This set-up lends itself to the effect that we are trying to achieve with our audience; that they are auditors of a parliament whose decisions directly concern them, and that the speakers who represent their interests may be found among them.   By staging Satyre in-the-round, the world of the play collapses with the play in the world, helping to make relevant social issues which are remote in time, but which stand in for a whole host of issues faced by Scottish people today also trying to get their voice heard.  A crucial intervention to completely in-the-round staging was made by the team however, who thought that the area directly in front of the King should be cordoned off in some way, to demonstrate the inextricable nature of access to certain spaces and political authority or influence in the play.  There was also the decision taken, for reasons of audibility and visibility, that there should be a central, elevated stage in the middle of the playing area, in the vein the Castle of the Castle of Perseverance, or the ‘scena’ in the Térence des ducs image.

Consultation with personnel at Historic Scotland will decide whether this form of staging is feasible, but for now the project team are excited about the surrounding of audience with stages on the Peel, truly marking them out as a political as well as a theatrical community during the performance of Ane Satyre of the Thrie Estaitis.


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Staging and Representing the Scottish Renaissance Court…begins.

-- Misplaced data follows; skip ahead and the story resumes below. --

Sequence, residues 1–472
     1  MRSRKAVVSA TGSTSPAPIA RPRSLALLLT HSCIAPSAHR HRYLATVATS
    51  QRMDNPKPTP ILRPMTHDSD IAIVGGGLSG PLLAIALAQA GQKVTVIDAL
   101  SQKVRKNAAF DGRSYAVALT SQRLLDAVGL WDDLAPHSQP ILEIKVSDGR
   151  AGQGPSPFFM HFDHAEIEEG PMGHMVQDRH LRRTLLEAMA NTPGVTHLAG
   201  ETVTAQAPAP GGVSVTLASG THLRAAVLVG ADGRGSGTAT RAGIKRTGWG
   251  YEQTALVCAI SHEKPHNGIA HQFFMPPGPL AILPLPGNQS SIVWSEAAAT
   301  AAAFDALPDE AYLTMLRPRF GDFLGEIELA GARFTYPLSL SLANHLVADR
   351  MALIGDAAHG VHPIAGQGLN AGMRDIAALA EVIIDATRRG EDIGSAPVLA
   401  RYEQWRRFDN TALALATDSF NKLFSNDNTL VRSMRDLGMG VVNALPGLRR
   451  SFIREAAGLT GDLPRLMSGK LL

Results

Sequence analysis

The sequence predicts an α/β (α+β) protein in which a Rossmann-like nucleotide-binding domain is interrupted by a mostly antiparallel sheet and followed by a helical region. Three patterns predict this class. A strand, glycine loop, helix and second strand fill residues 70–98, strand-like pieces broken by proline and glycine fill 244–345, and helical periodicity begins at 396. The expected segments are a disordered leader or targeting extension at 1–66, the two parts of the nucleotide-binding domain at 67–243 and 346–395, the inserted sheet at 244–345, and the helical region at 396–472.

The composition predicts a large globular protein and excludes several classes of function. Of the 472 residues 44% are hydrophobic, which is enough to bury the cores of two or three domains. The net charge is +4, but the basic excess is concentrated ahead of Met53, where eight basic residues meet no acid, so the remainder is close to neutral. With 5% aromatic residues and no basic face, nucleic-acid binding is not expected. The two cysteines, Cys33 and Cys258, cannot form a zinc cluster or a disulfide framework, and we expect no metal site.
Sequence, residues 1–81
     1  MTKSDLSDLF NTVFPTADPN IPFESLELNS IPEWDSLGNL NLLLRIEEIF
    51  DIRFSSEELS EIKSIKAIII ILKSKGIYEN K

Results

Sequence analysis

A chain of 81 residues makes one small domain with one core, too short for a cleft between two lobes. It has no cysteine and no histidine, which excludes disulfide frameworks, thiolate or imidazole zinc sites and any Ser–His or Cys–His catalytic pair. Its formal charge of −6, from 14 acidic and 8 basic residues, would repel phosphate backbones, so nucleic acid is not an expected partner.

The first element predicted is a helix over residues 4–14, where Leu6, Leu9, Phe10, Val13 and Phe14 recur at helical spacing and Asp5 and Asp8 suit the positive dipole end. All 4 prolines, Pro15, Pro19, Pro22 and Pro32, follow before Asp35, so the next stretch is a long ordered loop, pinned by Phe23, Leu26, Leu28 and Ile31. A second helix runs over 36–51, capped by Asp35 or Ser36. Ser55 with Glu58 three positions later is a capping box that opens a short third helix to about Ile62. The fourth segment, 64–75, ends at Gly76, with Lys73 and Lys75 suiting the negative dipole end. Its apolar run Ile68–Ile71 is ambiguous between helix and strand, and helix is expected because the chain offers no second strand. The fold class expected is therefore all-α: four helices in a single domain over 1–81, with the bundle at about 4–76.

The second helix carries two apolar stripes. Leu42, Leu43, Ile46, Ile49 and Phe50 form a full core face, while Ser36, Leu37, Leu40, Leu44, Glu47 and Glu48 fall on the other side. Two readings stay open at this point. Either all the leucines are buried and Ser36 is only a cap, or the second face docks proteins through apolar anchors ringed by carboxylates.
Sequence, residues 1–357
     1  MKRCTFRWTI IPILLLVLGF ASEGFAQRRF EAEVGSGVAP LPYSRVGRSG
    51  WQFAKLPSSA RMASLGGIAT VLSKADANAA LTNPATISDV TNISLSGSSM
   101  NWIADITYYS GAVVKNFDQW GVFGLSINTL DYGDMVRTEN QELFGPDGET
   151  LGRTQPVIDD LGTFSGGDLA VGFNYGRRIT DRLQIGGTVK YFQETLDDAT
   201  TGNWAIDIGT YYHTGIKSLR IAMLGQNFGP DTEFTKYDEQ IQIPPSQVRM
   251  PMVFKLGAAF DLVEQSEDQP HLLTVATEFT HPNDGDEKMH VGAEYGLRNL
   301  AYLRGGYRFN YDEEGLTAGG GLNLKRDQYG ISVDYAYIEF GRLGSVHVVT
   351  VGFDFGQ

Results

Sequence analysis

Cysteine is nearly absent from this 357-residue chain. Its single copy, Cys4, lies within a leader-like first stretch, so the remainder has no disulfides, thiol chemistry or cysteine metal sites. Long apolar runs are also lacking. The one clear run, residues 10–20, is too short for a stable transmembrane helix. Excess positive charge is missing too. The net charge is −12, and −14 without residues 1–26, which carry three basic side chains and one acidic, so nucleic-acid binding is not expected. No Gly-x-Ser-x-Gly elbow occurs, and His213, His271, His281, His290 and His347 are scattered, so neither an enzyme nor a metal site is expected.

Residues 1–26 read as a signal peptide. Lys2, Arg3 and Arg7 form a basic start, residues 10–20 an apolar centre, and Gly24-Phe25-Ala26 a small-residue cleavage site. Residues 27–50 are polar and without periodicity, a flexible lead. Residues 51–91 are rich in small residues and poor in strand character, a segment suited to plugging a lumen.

Welcome to the blog for Staging and Representing the Scottish Renaissance Court, a major two year project which will explore Stuart drama, politics and place during the mid-sixteenth century through the staging of David Lyndsay’s A Satire of the Three Estates at Linlithgow Palace and Stirling Castle in 2013.  Staging the Scottish Court is a collaborative, interdisciplinary project drawing on performance, film, literary and historical analysis, archaeology and architectural studies.  It brings together Edinburgh, Glasgow, Lincoln, Oxford Brookes and Southampton Universities, with Historic Scotland, theatre professionals and film-makers.

This blog will chart the research process over the course of the project; firstly as we approach the full outdoor production of the Satire at Linlithgow Palace, as well as indoor versions of Lyndsay’s non-extant 1540 Interlude as reconstructed by the research team in the shell of the Great Hall At Linlithgow, and the actual Great Hall of Stirling Castle.  Following the performances of June 2013, this blog will enable a continuation of the debates instigated by the project.  It will also link up with a website which will host professional films of these unique theatrical events as well as other research and educational materials.